Gutknecht, a spokesman for the Minnesota Department of Transportation, said he thinks the state's HOT lanes have been successful since they opened in May 2005. On any given day, between 25 and 30 percent of the 11,000 owners of electronic transponders use the lanes, he said.

Minneapolis' lanes are divided into two sections. For three miles, there are two barrier-separated reversible lanes that go into the city during the morning rush and head out of it in the afternoon. The rest look like traditional HOV lanes, divided from the rest of the highway by a double white line.

To charge customers, antennae mounted on one side of bridges interact with electronic transponders in drivers' windshields, charging them a rate that varies depending on the time of day. The transponders are like Cruise Cards that can be used on Ga. Highway 400 or the E-ZPass system in the Northeast.

On the other side of the bridge, a light flashes to let watching officers know that the driver is using the lane legally.

Because carpoolers are allowed to use the lane without paying, if no light flashes, police officers first look to see if there is a passenger in the car. If there isn't, drivers get pulled over and receive a $142 ticket. The same fine applies for illegally crossing the double-line barrier.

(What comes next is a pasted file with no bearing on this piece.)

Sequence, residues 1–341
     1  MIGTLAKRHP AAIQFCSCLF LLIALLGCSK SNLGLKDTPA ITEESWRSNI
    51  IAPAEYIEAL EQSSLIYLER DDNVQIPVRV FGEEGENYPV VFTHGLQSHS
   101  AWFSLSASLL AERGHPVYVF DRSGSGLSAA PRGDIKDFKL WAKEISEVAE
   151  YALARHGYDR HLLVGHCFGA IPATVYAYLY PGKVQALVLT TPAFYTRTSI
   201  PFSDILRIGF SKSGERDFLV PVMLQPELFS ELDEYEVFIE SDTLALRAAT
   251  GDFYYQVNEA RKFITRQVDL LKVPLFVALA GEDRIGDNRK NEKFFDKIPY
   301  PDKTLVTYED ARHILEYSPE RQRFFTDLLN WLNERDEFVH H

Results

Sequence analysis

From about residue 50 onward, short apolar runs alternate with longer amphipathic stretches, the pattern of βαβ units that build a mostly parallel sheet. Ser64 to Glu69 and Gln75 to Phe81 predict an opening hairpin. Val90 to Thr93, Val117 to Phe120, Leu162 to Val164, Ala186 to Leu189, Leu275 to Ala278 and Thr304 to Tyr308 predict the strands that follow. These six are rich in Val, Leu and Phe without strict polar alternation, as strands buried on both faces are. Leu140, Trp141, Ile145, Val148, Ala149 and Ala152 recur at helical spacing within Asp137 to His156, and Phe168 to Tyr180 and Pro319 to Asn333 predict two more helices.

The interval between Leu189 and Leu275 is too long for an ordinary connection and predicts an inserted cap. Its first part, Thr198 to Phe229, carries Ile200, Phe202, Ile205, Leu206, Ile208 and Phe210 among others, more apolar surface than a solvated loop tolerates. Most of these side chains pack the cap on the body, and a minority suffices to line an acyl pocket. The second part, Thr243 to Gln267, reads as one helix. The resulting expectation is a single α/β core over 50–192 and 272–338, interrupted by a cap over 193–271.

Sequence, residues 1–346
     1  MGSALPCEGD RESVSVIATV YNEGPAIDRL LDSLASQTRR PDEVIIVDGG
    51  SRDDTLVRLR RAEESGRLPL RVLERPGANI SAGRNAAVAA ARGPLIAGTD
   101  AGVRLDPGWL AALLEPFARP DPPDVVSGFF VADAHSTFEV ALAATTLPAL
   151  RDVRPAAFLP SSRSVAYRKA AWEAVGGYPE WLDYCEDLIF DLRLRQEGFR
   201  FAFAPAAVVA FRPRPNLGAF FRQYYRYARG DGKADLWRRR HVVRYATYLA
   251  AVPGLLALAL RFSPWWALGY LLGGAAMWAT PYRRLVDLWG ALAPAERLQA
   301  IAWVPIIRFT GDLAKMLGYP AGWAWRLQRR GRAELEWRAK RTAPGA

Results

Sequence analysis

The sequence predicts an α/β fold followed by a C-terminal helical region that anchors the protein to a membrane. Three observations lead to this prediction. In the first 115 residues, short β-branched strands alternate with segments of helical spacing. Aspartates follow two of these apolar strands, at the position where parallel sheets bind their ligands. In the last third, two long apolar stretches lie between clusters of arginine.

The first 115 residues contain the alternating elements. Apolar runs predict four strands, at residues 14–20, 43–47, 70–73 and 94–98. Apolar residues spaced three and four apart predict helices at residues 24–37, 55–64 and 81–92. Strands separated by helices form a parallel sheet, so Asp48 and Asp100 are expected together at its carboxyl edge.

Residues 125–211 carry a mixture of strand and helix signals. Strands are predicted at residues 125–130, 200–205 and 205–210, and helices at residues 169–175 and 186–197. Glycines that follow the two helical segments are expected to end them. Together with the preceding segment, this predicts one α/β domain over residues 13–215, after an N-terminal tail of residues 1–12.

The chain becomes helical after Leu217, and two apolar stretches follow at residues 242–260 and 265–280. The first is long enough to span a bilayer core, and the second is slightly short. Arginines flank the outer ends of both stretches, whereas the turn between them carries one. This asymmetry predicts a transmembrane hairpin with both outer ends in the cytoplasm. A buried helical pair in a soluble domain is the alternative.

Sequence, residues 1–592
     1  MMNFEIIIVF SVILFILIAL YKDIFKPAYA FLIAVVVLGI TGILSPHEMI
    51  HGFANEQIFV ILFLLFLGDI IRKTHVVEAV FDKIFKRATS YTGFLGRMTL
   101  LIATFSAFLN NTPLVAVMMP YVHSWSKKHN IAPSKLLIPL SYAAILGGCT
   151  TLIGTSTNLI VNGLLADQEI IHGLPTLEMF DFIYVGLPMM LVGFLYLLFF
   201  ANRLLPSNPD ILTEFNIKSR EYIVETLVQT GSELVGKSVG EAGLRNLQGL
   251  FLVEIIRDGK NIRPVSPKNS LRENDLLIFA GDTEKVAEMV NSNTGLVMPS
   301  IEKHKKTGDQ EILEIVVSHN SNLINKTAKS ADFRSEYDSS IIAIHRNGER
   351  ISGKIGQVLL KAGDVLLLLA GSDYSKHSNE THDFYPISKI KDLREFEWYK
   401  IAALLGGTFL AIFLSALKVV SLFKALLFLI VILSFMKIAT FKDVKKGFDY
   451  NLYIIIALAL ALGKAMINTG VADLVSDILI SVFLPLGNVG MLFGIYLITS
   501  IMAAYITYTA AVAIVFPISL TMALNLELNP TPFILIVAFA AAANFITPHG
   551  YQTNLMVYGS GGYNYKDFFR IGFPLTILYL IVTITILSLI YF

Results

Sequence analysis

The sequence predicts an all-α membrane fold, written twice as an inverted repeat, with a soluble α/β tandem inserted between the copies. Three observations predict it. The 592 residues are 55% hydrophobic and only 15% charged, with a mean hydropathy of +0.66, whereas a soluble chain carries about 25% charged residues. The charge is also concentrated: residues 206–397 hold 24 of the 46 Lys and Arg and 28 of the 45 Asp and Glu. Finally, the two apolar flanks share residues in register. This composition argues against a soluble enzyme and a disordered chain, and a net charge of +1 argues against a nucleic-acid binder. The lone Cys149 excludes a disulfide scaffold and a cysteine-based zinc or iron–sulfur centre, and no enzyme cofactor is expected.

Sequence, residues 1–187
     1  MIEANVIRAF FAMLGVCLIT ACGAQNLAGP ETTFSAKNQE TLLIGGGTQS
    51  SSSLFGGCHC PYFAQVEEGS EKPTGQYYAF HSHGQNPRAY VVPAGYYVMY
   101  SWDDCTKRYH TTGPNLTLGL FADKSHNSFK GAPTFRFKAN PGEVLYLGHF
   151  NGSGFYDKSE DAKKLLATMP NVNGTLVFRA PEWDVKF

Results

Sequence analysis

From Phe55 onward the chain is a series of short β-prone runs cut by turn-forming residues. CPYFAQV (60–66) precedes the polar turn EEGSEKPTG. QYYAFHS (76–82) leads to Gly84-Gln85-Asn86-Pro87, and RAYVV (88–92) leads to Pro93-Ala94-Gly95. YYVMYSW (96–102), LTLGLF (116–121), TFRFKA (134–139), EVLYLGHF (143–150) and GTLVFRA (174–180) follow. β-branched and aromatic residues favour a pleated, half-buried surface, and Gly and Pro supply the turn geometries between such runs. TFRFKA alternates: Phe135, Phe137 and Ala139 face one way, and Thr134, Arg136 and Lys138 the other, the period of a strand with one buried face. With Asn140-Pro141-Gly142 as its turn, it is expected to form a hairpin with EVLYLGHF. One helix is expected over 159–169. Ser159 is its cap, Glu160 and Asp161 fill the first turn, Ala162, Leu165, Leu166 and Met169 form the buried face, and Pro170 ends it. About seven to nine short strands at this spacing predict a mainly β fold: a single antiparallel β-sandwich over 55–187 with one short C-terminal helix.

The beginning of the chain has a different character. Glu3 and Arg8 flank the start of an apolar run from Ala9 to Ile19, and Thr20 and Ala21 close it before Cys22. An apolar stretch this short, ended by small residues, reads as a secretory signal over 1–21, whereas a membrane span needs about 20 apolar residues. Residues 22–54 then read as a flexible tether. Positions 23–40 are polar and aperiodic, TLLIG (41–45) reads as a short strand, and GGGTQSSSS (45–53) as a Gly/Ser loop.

As of July, about 950 citations had been written for either of those transgressions since the lanes first opened, Gutknecht said. An additional 785 warnings were given.

Differences in Georgia

Minnesota's lanes only interact with transponders every 30 minutes or so, so drivers can move in and out of the lanes but just be charged once. Georgia's plan would track drivers much more extensively.

Thompson, with Georgia's State Road and Tollway Authority, said the department is working to get a patent on some "revolutionary technology" that would track cars on the highway every quarter-mile or so.

"It would be different than anything else in the country," Thompson said.

Arms that reach across the entire length of the highway would be necessary, she said, because drivers would still be able to exit Gwinnett's HOT lanes at all the places they can now exit the HOV system. Like Minneapolis, Georgia's lanes would be separated from regular-use lanes just by a double white line. Officials here say there is no room for a barrier on I-85.